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Questions Every Graphic Designer Should Ask Their Clients

Good graphic designers ask their clients some basic questions about every job. These questions enable designers to assess what is needed, and in turn facilitates their abilities to correctly quote job estimates / prices, shorten the turn-around times, and deliver the jobs on time.

What Does the Client Want?

It may initially seem like the answer to that question is obvious, but it is anything but that. The more information a graphic designer has about a requested project, the better the job will turn out. Information gathering not only turns out a better project; it makes the designer’s job easier.

There are at least five areas that a graphic designer should discuss in detail with their client before any work is begun. The important areas include: budget, turn-around time, completion date expectations, preferred vendors & outside servicers, and project specifications (also referred to as ‘specs’). Ascertaining any essential knowledge leads to good client relations and repeat business.


Budget and Time Issues

  • What is the budget for this project?

This is very important! Ask right at the start, because if the client cannot afford the services, then neither party has wasted much time.

  • What is the expected turn-around for this project?

This is another important question. If this project conflicts with The GDer’s current scheduling, or the client requires more time than is available, then both parties will benefit by knowing this before committing to a contract.

  • When is the latest time at which the project must be completed?

Once again if the client needs a faster turn-around than is possible, then knowing ahead of time will help both parties. On the other hand, if the client does not need the project completed until later, then it can be worked into the scheduling.

  • Do you have any preferred outside vendors or supplies for outside services?

Having to deal with third party vendors for billing and time constraints must be taken into account when pricing the job and delivery date. It makes a huge difference, so ask right away.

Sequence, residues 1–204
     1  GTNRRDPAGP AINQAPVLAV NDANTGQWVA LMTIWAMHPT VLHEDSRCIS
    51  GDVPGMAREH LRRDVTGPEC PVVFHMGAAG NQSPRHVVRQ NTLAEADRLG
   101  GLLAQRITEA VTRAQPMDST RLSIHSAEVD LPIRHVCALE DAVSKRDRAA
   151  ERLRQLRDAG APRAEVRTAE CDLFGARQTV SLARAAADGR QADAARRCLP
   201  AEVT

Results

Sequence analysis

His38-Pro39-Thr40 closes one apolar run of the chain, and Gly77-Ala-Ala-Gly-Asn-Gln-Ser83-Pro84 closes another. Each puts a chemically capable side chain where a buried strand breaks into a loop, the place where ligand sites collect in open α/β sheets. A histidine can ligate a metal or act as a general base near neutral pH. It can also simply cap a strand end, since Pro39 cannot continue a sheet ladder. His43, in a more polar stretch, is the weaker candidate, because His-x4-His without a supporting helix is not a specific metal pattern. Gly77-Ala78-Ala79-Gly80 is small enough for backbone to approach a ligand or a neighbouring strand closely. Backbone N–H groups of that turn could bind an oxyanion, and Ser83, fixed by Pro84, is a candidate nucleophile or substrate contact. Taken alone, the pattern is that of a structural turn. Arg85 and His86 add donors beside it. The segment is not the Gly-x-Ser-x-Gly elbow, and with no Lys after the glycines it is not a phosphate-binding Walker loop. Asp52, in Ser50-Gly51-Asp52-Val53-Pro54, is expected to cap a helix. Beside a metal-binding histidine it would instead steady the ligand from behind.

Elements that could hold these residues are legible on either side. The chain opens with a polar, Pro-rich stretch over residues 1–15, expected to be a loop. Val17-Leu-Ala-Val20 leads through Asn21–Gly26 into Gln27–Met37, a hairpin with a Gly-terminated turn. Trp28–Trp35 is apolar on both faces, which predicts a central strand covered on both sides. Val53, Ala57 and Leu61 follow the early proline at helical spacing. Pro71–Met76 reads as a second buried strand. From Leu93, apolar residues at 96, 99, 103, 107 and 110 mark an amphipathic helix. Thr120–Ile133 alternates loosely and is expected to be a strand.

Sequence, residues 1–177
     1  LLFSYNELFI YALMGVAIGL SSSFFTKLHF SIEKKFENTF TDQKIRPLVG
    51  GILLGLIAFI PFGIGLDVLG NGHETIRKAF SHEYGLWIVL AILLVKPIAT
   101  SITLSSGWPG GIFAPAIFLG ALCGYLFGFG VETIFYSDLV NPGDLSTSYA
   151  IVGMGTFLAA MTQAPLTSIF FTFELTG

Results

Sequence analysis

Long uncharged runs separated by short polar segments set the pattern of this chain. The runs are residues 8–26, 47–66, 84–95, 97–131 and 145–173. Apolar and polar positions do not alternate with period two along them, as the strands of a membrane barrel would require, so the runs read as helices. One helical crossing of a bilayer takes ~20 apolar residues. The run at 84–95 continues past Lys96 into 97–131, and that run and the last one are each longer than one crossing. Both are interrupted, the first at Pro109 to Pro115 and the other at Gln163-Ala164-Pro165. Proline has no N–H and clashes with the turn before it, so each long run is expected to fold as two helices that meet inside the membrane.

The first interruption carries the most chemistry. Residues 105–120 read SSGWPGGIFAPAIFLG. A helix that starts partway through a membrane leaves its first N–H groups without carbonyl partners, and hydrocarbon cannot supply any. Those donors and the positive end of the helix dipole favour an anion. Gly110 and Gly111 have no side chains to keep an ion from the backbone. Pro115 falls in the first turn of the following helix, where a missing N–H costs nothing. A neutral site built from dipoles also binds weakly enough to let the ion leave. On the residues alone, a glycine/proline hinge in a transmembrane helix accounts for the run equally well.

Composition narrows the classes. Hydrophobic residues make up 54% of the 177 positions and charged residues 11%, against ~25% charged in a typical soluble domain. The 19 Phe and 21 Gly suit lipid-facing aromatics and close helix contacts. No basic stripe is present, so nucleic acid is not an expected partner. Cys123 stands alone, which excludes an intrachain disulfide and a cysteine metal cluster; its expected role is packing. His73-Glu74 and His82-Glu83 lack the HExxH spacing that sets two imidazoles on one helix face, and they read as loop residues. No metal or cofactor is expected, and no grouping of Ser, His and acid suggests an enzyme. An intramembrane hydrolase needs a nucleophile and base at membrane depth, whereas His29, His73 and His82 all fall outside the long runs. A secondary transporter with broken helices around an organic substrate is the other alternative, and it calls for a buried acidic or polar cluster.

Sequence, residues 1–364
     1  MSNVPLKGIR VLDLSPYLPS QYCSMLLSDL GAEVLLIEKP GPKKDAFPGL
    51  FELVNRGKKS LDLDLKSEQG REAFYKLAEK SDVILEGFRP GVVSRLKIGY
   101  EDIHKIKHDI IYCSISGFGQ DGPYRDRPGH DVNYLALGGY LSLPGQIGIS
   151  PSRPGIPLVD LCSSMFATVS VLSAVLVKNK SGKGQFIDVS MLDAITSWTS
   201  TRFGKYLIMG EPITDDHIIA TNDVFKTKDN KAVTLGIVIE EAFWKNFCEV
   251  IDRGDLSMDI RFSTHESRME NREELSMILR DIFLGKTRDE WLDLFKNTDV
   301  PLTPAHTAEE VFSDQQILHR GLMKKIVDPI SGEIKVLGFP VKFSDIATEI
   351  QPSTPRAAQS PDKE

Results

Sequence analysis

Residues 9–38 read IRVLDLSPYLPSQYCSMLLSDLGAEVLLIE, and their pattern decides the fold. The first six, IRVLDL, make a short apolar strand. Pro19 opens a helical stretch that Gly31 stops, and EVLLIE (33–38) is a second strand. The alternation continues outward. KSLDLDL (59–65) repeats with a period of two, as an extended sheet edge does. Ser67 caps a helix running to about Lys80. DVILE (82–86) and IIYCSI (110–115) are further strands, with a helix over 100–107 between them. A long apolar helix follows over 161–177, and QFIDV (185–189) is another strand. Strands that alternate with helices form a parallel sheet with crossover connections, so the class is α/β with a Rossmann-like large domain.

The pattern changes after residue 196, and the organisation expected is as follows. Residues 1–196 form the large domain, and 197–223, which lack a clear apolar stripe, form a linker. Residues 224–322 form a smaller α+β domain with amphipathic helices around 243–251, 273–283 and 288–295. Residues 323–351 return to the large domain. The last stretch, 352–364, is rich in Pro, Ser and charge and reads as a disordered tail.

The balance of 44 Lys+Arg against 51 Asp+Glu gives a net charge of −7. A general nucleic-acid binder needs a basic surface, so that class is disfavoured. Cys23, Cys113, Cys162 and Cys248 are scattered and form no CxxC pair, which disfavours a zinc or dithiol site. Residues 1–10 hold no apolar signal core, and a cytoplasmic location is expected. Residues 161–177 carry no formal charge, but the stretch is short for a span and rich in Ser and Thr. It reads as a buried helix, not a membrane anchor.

Project Specifications

In addition to the aforementioned items, GDer’s should get answers to the following questions.

  • What is the project?
  • What is the purpose of the project?
  • Who is the target audience for the project?
  • Who are your major competitors?
  • What specifications, (color scheme, output formats, art-work, quantity), do you need?
  • Is there a motif or theme in mind for this project?
  • Will you provide photographs, story boards, art work, or other visuals?
  • Are you going to provide copy for this project?

If client is providing visuals, then the designer also needs to know:

  • What media will be provided?
  • What fonts are to be used in the design?
  • What programs will be used?

Ascertaining Essential Knowledge Leads to Good Client Relations

While the above questions do not in any way cover all things that may be needed, they do give the designer a starting point. A good graphic designer will learn what their clients require and modify the questions to fit their market.

Encourage clients to ask any questions or to contact the GDer if they have any concerns at all. Communication is just as important as the work done. If details aren’t discussed, it will be impossible to do a good job. Communication helps make solid businesses and repeat customers; it also turns good graphic designers into great ones.


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